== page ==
Cairn Terrier: History and Appearance
In 1873, Scotland’s Terriers were separated into two classifications: Dandie Dinmont Terriers and Isle of Skye Terriers. It is believed that the modern Cairn Terrier was developed to preserve the old time working Terrier of the Isle of Skye.
Three modern Scottish Terriers fell into the Isle of Skye category: the Cairn Terrier, the Scottish Terrier, and the West Highland Terrier. These terriers were working dogs that were sent after foxes, otters, rats, and other animals. All three Isle of Skye terriers were developed from the same stock, and could even be found in the same litter. The only discerning difference between the three was their coloring. A standard was approved for 1882 for this group of Hard Haired Scotch Terriers.
At the end of the 19th Century, Scottish Terrier breeders began to breed along separate lines, separating themselves from the Isle of Skye Terriers. Another group known as the White Scottish Terrier Club, petitioned for the group of white dogs to be considered a separate class, thus differentiating the three breeds further. This left only one group remaining as an Isle of Skye Terrier, and even their place in that group was questioned.
A dog show at Inverness offered classes for “Short Haired Skyes,” though this name was protested as it was felt it caused confusion over the breed. In 1910, the judges at a dog show in Crofts refused to allow the breed to show, stating they were the “wrong class.” A change of name for the short haired Skye was suggested, and the breed received the name of “Cairn Terrier.”
The name “cairn” comes from piles of stones used as landmarks or memorials. Rats, foxes, and other small mammals often hid in these rock piles. The small terriers were used by farmers to chase them out. In 1912, the Cairn Terrier was allowed to compete for a challenge certificate. In 1913, they received official recognition by the American Kennel Club.
Yet this breed’s challenges were far from over. There was some confusion in regards to the breed’s standard. With the English standard permitting white until 1923, there was some crossbreeding between West Highland White Terriers and Cairn Terriers in both the United States and England. The AKC, in 1917, refused to allow Cairns to register, due to what was described as a “mixed breeding practice.”
The modern Cairn, as it stands, is expected to meet the standards of its former prototype. The breed is expected to demonstrate hardiness, and its ability as a working dog should come across. The belief is that since the intent is to preserve the breed in its old working type form, then the breed’s utility is what should be fancied.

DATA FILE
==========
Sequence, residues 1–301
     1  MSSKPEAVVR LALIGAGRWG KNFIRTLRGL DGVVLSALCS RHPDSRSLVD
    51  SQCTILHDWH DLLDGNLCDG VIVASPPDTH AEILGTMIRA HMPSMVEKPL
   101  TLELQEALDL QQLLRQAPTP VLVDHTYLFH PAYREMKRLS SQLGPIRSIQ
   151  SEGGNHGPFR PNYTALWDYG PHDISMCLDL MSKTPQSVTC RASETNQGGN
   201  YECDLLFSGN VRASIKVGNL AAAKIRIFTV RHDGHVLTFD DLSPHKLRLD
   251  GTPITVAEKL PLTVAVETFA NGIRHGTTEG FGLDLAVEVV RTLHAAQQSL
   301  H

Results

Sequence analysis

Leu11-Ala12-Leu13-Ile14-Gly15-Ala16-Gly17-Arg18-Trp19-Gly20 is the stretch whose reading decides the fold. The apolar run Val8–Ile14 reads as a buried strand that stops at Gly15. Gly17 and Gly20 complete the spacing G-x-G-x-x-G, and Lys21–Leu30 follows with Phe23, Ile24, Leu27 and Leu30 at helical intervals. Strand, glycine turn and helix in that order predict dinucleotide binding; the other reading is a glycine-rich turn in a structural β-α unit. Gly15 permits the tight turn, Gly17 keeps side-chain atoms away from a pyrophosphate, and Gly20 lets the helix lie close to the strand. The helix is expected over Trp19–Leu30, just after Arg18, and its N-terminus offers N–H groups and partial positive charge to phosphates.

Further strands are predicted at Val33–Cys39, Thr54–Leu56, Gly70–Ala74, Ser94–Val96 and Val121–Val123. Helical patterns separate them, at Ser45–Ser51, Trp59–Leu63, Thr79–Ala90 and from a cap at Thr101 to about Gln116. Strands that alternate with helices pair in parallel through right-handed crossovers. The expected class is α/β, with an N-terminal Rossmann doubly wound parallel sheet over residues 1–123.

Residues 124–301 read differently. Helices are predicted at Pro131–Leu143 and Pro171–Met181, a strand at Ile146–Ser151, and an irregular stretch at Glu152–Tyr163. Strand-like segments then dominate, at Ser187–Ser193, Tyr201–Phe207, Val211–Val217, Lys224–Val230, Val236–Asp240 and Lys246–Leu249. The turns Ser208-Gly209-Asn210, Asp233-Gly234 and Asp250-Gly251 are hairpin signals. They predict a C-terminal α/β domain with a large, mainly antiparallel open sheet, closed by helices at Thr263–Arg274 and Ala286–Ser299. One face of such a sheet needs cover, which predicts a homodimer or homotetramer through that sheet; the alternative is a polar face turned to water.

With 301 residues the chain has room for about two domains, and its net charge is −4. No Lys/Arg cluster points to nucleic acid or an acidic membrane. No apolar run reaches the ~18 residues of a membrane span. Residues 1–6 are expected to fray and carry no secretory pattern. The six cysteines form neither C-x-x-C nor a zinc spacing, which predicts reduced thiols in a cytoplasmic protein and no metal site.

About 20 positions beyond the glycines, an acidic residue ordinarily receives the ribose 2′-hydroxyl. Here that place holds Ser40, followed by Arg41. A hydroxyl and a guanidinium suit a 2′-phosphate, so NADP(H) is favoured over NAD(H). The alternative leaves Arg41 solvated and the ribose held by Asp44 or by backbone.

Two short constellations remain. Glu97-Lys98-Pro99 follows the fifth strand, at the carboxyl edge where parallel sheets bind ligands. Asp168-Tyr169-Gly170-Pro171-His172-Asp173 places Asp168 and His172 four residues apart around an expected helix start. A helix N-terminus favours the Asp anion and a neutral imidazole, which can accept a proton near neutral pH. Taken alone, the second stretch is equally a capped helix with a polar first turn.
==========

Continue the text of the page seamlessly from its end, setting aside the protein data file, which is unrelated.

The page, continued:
It is important that the qualities that make the Cairn terrier true to its old working dog standards are what is held in value in modern times, and that the breed’s unique characteristics are what stand out.
Cairn Terriers have a height that differs significantly from other terriers. They are not considered “low to the ground.” They have one accepted weight, and that is fourteen lbs. for males and 13 lbs. for females. The breed is a short legged terrier, and should appear active and hardy.
The Cairn Terrier should have wide set, hazel or dark hazel eyes covered in shaggy brows. The head should be shorter and wider than any other terrier, with a medium sized muzzle and a black nose. Ears are small and pointed, and should be carried erectly and set wide apart as well. The tail is set in proportion to the head. It is not feathered, but should be well covered in hair. The tail is carried up, but does not curl.
Though a smaller dog, the Cairn Terrier should still have good muscles and strong build. The back should be straight and the hindquarters should give the appearance of strength. The dog should be of medium bone, with sloping shoulders. Forelegs and hindquarters should be straight, though the front feet may turn out slightly. Legs should be covered in hard hair, and the pads of the feet should be thick.
The Cairn Terrier should have a hard and weather resistant coat. Cairn Terriers are double coated, with a harsh, stiff outer coat and a dense, furry undercoat. Coloring can be anything except white, with the muzzle tip, tail tip, and ears being darker.
Showing the Cairn Terrier
The Cairn Terrier is held to a very specific set of standards when in show.
As stated before, the expectation is that this dog is of a specific weight, with males at 14 lbs. and females at 13 lbs. Females should be 9 ½ inches, while males should be 10 inches. The dogs should neither be too thin nor too husky. The coat should be full. The Cairn Terrier should be clean, combed, and brushed. The dog should be tidied up around the ears, tail, feet, and outline. The dog should be active and alert, and should not demonstrate shyness.
The Cairn Terrier is expected to move freely when handled. It should stand up on its toes, and demonstrate “terrier characteristics.” The breed is considered to be at fault if the head is too narrow or if the muzzle is long and heavy. The mouth should not be overshot or undershot. Eyes cannot be too large, yellow, or ringed. The ears are never rounded or set close together. The nose must be black. They cannot be set high on the head, either, and should never be heavily covered in fur. Legs and feet should not be light or heavy boned, crooked, or turned out at the elbow. Feet should not let down on the heel.
The body should not be too short, nor have a low set tail. The dog’s coat should not be overgrown, too short, or have an undercoat that is lacking. There should not be silkiness or curliness. Any white on the dog is considered to be a disqualification.